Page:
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Senate votes to approve Rollins as U.S. attorney

Anna Lamb
Senate votes to approve Rollins as U.S. attorney
Rachael Rollins. BANNER PHOTO

Suffolk County District Attorney Rachael Rollins made history last week as the first Black woman to become the United States Attorney for the District of Massachusetts.

Following staunch opposition from Republicans who branded Rollins as a radical “pro-criminal” nominee, and a divisive hearing in September, Rollins ultimately was confirmed by the Senate on Wednesday. 

“I’m deeply honored and humbled by the opportunity to serve my community, my Commonwealth and my country as the next United States Attorney for the District of Massachusetts,” she said in a statement. “Every policy and initiative that I have put in place as Suffolk County District Attorney has been designed to improve the safety and well-being of the communities I serve, to improve the public’s trust in law enforcement and our courts and to improve the fairness and equity of the criminal legal system.”

During her three-year tenure as district attorney, Rollins has worked toward more progressive criminal justice reform, including a refusal to prosecute nonviolent misdemeanors “more indicative of mental illness, substance use disorder, food or housing insecurity, poverty or homelessness than of criminal intent.” In implementing this change to her office, she made it a goal to target violent crimes — a goal that has proven successful.

Reporting by the Boston Globe on data from the Boston Police Department shows that, as of Dec. 7, 2021, “Part 1” crimes which include homicides, rapes, aggravated assaults, robberies, larcenies, burglaries and auto thefts, have dropped 14% based on five-year averages.

Rollins’ office has also credited this approach with the ability to allocate more attention to cold cases, resulting in indictments in three homicides that occurred during the 1980s and 1990s.

“I’m incredibly proud of the work every member of my office has done to achieve these goals, and I’m grateful to have had the opportunity to lead an office of such dedicated, compassionate and talented professionals. I look forward to bringing these data-driven, evidenced-based approaches and a heightened emphasis on culturally competent, trauma-informed victim services to the United States Attorney’s Office for the District of Massachusetts.”

However, not all have looked upon Rollins’ work with a favorable lens. Senate Republicans, who traditionally join their colleagues in a routine unanimous approval of presidential nominees to U.S. attorney positions, have characterized the Rollins’ policy of non-prosecution as soft on crime.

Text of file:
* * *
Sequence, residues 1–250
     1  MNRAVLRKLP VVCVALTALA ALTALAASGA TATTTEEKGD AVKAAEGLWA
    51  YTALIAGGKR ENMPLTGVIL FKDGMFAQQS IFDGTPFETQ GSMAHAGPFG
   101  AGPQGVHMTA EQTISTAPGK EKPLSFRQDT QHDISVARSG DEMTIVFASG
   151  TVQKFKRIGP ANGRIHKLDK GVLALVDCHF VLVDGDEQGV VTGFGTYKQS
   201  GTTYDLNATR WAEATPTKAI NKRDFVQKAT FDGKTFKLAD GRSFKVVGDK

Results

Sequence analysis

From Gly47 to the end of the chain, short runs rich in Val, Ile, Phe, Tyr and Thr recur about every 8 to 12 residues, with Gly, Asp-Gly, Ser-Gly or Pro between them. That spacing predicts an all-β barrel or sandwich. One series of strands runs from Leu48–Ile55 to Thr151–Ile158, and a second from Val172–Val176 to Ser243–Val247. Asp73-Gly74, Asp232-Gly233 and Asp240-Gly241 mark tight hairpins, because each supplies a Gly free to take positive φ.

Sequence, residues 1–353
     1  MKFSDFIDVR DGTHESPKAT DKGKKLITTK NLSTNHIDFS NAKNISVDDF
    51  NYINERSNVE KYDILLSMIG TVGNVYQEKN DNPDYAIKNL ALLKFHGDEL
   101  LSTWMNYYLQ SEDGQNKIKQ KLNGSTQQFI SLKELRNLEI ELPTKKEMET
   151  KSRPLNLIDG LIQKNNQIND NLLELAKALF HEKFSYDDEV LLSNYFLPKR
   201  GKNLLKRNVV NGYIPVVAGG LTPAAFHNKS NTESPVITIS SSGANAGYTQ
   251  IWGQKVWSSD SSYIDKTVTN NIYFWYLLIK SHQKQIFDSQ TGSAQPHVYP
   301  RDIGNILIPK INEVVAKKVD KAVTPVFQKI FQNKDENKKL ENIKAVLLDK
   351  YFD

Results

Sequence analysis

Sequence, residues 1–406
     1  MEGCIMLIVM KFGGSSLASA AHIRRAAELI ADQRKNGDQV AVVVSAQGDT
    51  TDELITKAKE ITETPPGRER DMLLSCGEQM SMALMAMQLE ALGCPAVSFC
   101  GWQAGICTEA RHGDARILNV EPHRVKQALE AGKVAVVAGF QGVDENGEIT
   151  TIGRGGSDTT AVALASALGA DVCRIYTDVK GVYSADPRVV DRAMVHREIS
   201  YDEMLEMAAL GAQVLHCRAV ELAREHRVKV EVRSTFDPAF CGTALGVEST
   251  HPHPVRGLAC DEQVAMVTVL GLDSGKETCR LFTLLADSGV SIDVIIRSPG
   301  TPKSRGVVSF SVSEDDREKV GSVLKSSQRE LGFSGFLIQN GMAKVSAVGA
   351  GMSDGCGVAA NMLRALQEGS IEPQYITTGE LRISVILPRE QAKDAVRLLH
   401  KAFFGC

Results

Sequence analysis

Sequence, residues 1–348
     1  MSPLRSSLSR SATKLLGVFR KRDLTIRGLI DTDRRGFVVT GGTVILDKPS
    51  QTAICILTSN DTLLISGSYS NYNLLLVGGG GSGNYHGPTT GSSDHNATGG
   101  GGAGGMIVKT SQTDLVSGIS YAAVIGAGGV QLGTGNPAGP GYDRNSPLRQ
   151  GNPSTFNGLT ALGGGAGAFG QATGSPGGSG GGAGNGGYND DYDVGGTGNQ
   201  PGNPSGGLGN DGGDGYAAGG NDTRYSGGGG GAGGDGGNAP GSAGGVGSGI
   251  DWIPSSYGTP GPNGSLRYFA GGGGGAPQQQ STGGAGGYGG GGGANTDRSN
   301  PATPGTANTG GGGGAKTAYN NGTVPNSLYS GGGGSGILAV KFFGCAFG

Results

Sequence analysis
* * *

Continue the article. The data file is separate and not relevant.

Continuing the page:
“Our responsibility as a United States Senator is to ensure that we do not confirm pro-criminal activists into the office of United States Attorney,” Arkansas Senator Tom Cotton said in September.

In the lead-up to Wednesday’s vote, 27 of the attorneys in Rollins’ cohort were approved by unanimous consent. Her approval, on the other hand, was called to a roll-call vote and split down party lines in a 50-50 tie, broken by Vice President Kamala Harris.

Among those that do support her approach to criminal justice reform and laud her track record is Ivan Espinoza-Madrigal, executive director of Lawyers for Civil Rights Boston.

“This is a historic victory for the state of Massachusetts, and we look forward to seeing her leadership in that important office. She has led important reforms at the county level, and we look forward to seeing those much-needed reforms expanded statewide through her leadership in the U.S. Attorney’s office,” Espinoza-Madrigal told the Banner.

He added that her experience makes Rollins well-equipped for challenges ahead.

“The U.S. Attorney’s office has a very broad mandate, including civil rights investigations and public accountability matters. All of these areas will benefit from the leadership of U.S. Attorney Rollins,” Espinoza-Madrigal said.

Those challenges could include, according to the Globe, an investigation into the Massachusetts Department of Correction’s handling of inmate mental health and corrections officers’ use of force, probes into a COVID-19 outbreak at the Holyoke Soldier’s Home and into Boston Police Department overtime abuse, or a look into Boston Public Schools’ improper handling of instruction for non-English speaking students.

In the coming weeks, attention will turn to whom Governor Charlie Baker will choose as Rollins’ replacement. Rollins has requested that Baker pick her first assistant, Daniel Mulhern, to fill the role.

Carol Rose, executive director of the ACLU Massachusetts said she hopes whoever is chosen will continue Rollins’ work, including efforts to dismiss thousands of cases “tainted by Massachusetts’ drug lab scandals.”

“The power of district attorneys should be used to further racial justice and create healthier communities,” Rose said in a statement. “Governor Baker must appoint a successor who will continue the work to transform our legal system from one rooted in punishment and retribution to one that centers human dignity and public health.”

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